The Chicago Syndicate: Historic Photos of Chicago Crime: The Capone Era
The Mission Impossible Backpack

Monday, June 16, 2008

Historic Photos of Chicago Crime: The Capone Era

Moviemakers shooting "Public Enemies" here, starring Johnny Depp as John Dillinger, dug deep into the files of the Chicago History Museum to research the film. And for good reason: Those files contain a treasure trove of photos from the 1920s and '30s gangland era of Chicago.

Some of those pictures -- many snapped by photographers of the old Chicago Daily News -- now have been compiled by museum curator John Russick in a book, Historic Photos of Chicago Crime: The Capone Era (Turner Publishing, $39.95).

Russick's goal was to capture not just the criminals, but the times. So among the 200 photos in the book are shots of biplane barnstormers, jazz cats, suffragists and flappers in fur coats.

At its center, though, are photos of Al Capone and his ilk, including crime scenes depicting bloody soldiers snuffed in the vice-driven street wars. One, however, shows Capone relaxing at a White Sox game in the front row of old Comiskey Park.

Russick said Capone was a different kind of crime boss when it came to publicity.

While Capone's mentor, John Torrio, shied from the public eye, Capone welcomed attention and posed for photos. His fearlessness was founded partly on a safety ensured by corrupt police, but also in the support he had from a thirsty portion of the general public who resented Prohibition, said Russick.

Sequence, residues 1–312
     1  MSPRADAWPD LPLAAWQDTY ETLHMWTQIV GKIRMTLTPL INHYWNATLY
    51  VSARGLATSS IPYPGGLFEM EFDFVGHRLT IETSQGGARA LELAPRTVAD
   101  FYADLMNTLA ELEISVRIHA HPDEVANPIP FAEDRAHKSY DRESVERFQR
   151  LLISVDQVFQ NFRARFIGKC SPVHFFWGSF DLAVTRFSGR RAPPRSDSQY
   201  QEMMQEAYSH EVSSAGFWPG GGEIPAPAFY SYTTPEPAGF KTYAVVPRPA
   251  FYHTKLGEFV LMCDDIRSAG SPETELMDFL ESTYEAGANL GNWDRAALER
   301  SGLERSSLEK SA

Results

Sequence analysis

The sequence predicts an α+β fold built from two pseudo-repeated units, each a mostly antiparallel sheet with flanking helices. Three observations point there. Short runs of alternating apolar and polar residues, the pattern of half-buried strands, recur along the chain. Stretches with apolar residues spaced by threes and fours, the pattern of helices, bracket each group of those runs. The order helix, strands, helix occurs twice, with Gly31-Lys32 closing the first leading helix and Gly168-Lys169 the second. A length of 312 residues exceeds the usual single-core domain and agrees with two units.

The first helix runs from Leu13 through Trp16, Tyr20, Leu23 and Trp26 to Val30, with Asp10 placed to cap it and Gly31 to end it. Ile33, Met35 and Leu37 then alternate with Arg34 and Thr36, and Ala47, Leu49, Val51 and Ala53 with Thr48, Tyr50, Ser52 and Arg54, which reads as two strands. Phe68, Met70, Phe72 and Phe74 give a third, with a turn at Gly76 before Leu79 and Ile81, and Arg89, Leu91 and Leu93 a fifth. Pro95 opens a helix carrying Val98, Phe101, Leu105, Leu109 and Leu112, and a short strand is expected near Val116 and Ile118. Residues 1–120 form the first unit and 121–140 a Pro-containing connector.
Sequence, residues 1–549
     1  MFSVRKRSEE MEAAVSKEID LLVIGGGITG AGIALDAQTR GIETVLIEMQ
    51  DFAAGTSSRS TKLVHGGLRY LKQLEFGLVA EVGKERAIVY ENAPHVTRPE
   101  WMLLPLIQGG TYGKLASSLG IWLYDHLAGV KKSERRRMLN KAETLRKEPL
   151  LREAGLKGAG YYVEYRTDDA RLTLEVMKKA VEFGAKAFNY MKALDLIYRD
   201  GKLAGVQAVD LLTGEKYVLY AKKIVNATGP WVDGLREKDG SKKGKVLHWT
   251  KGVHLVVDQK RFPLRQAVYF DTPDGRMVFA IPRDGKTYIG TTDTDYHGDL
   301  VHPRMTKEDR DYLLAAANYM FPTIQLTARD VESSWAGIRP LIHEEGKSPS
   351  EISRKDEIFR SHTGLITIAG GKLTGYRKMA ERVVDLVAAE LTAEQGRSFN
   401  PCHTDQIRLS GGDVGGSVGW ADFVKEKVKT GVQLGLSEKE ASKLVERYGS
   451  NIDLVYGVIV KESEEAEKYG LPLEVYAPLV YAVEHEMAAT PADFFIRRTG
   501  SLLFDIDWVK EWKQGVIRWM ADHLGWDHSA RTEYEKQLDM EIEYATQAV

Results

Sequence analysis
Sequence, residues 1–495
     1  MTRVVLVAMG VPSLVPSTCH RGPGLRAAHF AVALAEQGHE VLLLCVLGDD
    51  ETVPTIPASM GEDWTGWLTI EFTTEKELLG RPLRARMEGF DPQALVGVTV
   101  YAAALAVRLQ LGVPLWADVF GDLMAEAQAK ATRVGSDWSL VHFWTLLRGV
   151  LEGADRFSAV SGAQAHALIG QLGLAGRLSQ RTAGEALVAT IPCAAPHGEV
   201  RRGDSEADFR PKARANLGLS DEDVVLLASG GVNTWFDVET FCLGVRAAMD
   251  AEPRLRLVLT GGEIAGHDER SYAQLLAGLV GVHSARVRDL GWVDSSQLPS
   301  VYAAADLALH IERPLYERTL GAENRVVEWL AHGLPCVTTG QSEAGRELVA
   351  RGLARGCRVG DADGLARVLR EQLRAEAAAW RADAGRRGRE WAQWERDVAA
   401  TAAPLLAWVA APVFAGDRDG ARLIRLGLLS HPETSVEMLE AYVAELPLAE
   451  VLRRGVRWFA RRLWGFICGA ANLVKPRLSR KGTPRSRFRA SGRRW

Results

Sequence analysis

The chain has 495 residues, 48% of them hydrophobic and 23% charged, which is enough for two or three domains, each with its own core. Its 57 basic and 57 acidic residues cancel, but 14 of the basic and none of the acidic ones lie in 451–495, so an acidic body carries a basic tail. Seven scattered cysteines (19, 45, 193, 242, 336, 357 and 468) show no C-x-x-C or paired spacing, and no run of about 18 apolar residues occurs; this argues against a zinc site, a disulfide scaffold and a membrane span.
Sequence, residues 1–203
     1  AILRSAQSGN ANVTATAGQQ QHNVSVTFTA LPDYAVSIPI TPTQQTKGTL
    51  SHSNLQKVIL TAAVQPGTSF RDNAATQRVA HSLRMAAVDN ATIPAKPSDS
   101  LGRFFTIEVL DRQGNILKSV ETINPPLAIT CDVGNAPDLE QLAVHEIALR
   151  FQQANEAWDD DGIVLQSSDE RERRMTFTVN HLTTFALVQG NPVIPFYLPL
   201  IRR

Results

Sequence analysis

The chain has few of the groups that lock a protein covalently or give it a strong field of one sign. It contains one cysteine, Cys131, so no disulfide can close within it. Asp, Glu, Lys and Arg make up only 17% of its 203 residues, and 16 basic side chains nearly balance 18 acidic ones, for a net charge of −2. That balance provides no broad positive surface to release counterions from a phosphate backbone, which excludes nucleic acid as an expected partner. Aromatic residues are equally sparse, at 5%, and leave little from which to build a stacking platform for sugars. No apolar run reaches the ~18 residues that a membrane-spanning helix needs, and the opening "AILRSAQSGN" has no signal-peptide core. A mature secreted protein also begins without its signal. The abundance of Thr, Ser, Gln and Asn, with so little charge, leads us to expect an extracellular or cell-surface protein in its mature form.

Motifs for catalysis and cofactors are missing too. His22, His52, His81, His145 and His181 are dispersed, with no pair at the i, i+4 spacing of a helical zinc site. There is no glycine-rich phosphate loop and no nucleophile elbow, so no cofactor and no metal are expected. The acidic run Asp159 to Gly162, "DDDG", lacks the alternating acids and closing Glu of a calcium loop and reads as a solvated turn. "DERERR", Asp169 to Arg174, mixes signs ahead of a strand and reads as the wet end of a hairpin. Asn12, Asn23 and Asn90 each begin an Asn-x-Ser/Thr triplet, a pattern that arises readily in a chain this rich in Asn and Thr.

"Alcohol was such a fundamental part of the culture of America and of the immigrant communities,'' said Russick. "For Germans, going to a beer hall with your family and friends was a way of bringing solidarity to the community. [Prohibition] wasn't just an attack on alcohol but an attack on culture."

Capone, who inherited Torrio's mob in 1925, was eventually imprisoned on tax evasion charges in 1931.

It was an angle the feds had to take "largely because federal agents weren't certain a [Chicago] jury would convict him on bootlegging,'' said Russick. "Prosecution of the man would be pro-Prohibition."

Museum spokeswoman Lauren Dolan said a handful of museum experts worked with the film's researchers on "everything from the style of dress of the time to what the streets and street lights looked like -- including the storefronts.''

"They used many of our photographs that feature key people involved to make sure the actors looked like the real-life characters," she said.

Thanks to Andrew Herrman

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